Obviously no one can know anything until the government knows that there is nothing to know.

  • meunke||

    Wait... you mean to tell me that there are people who are enjoying something that the government isn't currently taxing the shit out of?

    Well, sir, we can't have that. What do you think we are, barbarians?

  • SOS||

    Jacob Sullum, will you marry me.

    :off to file for divorce in case he says yes:

  • thorax232||

    A message to the anti-e-cigarettes people,

    You are adults.

    -Ethan

  • chaki||

    Truth is, e-cigs ARE safer than cigarettes. Potentially harmless, but that remains to be seen.

    http://www.easycig.net/are-ele.....ttes-safe/

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  • sheakim11||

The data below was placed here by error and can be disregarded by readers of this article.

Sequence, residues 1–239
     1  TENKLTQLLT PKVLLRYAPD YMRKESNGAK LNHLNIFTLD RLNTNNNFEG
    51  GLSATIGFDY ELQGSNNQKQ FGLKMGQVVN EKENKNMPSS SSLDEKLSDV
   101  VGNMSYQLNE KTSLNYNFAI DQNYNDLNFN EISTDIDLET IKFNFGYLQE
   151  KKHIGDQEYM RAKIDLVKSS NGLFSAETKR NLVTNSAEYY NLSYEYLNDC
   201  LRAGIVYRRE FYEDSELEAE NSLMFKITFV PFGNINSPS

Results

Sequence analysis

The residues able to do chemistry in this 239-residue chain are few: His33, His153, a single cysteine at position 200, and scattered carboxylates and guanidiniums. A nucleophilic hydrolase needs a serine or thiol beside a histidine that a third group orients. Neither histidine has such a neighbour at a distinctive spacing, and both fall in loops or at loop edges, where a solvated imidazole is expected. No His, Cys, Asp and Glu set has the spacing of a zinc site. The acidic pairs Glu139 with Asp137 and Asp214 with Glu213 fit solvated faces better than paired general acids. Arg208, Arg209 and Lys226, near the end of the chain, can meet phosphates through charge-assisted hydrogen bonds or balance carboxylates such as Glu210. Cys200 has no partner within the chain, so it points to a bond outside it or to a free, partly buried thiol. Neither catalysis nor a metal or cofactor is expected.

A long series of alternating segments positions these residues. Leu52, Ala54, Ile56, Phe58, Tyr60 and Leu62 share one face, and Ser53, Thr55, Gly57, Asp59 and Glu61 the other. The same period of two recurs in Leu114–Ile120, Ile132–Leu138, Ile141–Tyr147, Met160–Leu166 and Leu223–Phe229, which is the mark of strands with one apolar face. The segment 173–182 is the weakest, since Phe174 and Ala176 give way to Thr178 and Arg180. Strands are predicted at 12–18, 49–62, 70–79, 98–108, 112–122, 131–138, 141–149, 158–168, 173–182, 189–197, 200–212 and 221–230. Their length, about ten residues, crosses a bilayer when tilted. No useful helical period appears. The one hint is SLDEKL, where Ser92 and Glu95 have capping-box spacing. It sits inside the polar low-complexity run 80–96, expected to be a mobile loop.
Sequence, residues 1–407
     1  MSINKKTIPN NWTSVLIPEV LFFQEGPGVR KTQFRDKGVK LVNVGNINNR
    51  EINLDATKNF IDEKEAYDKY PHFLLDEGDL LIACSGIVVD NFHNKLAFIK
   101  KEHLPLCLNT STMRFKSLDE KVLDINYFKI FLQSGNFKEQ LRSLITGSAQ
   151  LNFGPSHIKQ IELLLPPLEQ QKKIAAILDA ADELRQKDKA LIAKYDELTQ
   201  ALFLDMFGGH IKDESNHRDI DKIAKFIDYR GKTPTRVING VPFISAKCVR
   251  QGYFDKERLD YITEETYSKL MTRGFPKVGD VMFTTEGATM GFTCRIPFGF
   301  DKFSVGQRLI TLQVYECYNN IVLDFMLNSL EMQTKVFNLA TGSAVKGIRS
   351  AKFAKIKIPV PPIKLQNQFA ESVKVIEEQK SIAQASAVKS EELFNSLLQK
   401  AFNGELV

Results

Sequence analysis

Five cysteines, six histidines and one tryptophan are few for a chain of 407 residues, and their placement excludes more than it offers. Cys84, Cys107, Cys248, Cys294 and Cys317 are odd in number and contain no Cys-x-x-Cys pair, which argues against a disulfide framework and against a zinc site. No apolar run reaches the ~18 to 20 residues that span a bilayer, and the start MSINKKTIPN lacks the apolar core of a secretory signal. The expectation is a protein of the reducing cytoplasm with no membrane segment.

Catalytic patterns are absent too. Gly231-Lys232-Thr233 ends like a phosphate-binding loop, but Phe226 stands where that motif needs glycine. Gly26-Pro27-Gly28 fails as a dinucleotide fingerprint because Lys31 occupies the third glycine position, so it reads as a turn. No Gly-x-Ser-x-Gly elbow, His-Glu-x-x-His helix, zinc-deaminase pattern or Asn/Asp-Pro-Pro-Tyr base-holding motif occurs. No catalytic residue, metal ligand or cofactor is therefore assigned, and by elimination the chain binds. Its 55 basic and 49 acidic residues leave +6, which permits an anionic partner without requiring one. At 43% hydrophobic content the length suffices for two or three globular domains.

just as Kathy said I didn't even know that a person can make $6693 in 1 month on the internet. check out this site
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  • SOS||

    I love this article! You hit the nail perfectly. Thank you for stating it like it is.

  • Hans Schmidt||

    Positive effects of small doses of nicotine
    improved mental performance, overnight performance on various memory & attention tasks improved, faster performance on Stroop and word classification, may exert direct beneficial effects on novelty detection and subsequent memory recognition, improved prospective memory (things one intends to do), reaction time is improved, as is inspection time and visual search, pilots’ performance enhanced, improves late-day piloting, driving performance enhanced, can improve handwriting, helps ADHD (results indicate significant clinician-rated global improvement, self-rated vigor and concentration, and improved performance on chronometric measures of attention and timing accuracy), may help depression, may help symptoms of schizophrenia via increased synthesis of GABA & increased effectiveness of cognitive training, may protect against Parkinson’s & Alzheimers. And nicotine is not addictive, doesn´t contain tar, carcinogens, cabonmonoxide. It is rewarding.